Trophy hunting is "hunting" the way that Big Thunder Mountain is a "train ride"

You may already know that killing a lion is the most cowardly thing you can do, but The Searcher's essay on lion hunting, with accompanying illustration, makes the point with admirable force and eloquence.

And it’s “hunting” like Disneyland’s “Thunder Mountain” is riding a train. These massive animals are rousted from their sleep in the middle of the night, blinded by bright lights, and lured with food into an area where a person is hiding within a few meters wielding a device that can kill the largest land mammals on Earth with a single shot.

That’s not a sport, it’s just an outlet for sociopathy.

Trophy hunting also reverses natural selection, since trophy hunters seek out, and often pay huge sums of money to bag the largest creature, or the one with the biggest horns or antlers or tusks. When carried out over many generations, like say with African elephants, this has resulted in a “positive” trait of tuskless elephants, which now make up 30-40% of many elephant populations. Elephants without tusks are more susceptible to death via infighting and inability to defend their young from predators. So it’s not just that these trophy hunters are eliminating prime examples of a species, it is that their actions are transforming the species into a sub-prime version that, while protected from ivory-trophy seekers, makes them much less protected from everything else.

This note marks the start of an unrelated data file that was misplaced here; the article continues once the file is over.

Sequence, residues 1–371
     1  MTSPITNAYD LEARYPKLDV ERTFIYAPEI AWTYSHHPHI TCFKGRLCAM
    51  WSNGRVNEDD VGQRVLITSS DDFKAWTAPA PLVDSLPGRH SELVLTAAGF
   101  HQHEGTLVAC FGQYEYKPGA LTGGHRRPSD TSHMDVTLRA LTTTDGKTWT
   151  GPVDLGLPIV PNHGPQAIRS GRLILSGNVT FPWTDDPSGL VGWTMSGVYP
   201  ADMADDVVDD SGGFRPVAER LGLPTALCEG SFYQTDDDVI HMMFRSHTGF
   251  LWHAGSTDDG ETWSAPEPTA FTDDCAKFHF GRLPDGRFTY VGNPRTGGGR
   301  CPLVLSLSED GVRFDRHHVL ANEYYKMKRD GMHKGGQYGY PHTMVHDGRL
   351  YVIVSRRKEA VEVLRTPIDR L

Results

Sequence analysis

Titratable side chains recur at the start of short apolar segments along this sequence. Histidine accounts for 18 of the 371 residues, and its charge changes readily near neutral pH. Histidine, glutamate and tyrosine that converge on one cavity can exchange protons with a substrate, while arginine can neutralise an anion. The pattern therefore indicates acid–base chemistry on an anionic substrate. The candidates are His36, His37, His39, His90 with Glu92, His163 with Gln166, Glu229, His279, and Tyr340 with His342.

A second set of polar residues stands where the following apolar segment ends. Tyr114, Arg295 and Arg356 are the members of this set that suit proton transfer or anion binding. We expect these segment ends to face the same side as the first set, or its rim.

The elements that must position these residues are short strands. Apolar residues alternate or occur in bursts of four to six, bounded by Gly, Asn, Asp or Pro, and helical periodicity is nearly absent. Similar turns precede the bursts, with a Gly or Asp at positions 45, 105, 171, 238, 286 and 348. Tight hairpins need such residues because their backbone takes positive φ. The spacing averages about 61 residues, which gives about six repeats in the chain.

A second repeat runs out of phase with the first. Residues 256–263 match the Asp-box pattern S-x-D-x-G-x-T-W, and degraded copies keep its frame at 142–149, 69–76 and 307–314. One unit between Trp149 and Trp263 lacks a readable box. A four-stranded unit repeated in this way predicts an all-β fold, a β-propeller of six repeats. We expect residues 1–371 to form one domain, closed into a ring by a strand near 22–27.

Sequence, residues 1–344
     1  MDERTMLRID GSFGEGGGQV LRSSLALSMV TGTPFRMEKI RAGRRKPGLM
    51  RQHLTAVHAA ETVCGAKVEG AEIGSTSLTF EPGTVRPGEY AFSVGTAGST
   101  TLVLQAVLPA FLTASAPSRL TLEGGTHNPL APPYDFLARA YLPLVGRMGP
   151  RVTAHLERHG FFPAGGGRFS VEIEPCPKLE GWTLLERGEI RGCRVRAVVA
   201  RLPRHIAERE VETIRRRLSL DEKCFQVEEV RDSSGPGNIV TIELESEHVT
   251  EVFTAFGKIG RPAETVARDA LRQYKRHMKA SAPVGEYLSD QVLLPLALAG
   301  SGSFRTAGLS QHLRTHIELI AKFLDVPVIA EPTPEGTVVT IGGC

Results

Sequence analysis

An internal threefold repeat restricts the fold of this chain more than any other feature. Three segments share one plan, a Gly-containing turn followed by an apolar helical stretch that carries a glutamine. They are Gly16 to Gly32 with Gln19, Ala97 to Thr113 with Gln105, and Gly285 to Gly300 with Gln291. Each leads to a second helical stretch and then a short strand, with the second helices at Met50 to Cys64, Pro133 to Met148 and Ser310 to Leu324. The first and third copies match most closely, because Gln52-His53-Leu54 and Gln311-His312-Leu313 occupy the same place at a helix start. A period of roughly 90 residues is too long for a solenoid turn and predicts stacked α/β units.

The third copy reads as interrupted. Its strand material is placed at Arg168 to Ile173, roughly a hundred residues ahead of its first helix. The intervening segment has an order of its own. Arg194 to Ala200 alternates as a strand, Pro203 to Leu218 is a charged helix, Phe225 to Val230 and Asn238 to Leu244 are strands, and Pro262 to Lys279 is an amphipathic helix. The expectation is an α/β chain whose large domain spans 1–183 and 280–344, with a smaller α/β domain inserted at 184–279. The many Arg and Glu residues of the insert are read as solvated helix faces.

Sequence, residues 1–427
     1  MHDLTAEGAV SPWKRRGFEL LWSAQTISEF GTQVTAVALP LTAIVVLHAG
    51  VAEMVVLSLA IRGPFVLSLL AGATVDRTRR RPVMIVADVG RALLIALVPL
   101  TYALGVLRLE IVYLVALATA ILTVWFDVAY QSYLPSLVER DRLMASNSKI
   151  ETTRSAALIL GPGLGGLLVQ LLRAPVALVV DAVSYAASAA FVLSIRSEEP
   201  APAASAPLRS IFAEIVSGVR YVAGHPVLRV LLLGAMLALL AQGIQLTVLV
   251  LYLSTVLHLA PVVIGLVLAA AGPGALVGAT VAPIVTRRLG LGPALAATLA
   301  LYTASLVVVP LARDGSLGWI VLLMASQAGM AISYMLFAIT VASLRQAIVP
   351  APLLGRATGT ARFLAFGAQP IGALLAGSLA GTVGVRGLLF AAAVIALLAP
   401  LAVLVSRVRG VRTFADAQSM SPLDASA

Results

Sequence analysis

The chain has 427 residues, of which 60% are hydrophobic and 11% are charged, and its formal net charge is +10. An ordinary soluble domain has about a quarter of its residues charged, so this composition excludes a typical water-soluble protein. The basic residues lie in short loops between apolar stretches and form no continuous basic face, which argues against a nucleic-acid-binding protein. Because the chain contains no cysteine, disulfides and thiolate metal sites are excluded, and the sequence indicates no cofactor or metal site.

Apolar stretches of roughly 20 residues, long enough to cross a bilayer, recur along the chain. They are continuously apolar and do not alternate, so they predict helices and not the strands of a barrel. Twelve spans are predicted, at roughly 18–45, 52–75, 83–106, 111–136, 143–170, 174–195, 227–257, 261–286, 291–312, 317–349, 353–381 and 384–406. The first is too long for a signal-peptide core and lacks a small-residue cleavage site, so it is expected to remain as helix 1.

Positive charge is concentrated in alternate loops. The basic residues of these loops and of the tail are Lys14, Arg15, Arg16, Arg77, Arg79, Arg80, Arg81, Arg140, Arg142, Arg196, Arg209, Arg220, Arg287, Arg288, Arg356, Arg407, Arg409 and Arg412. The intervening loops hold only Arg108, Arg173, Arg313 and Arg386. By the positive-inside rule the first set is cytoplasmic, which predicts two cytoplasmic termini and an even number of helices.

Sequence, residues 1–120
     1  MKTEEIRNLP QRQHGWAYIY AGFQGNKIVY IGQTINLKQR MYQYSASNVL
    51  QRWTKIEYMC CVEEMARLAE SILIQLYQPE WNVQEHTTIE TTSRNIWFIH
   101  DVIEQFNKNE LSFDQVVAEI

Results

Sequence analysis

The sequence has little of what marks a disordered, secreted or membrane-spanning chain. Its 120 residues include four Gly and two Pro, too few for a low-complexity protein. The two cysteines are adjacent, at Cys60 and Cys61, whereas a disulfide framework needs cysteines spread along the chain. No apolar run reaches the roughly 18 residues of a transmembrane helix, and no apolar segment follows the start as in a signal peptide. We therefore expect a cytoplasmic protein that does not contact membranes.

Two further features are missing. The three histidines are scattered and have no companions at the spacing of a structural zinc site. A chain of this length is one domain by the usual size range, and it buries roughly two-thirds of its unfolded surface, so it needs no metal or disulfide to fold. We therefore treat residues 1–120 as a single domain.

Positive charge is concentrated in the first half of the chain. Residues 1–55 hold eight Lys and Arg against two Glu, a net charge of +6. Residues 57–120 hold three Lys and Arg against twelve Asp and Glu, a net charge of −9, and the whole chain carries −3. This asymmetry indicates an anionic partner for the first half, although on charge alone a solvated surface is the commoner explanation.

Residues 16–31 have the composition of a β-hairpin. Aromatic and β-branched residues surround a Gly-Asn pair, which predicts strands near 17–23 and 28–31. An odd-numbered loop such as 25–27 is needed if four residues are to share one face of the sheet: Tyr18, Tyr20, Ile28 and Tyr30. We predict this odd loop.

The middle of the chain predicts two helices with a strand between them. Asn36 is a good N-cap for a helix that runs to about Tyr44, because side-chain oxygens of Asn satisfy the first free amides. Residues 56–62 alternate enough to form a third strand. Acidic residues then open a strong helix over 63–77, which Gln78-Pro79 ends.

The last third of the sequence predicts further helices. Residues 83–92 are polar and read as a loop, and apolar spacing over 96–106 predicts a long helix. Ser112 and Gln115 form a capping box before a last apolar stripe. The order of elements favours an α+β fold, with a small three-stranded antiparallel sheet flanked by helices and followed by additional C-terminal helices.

And those sums of cash, which trophy hunters like to trumpet as a valuable conservation tool, aren’t. The vast majority of the cash paid to kill animals goes to the safari companies that sponsor the executions, and fees to the local governments that allow them. On average less than 3% of all monies spent decorating homes with animal parts, goes to any part of local or national conservation efforts.


Circle of Life [The Searcher/Flickr]


(Thanks, Fipi Lele!)

See also: Lion-killing dentist emails his patients, shows little remorse

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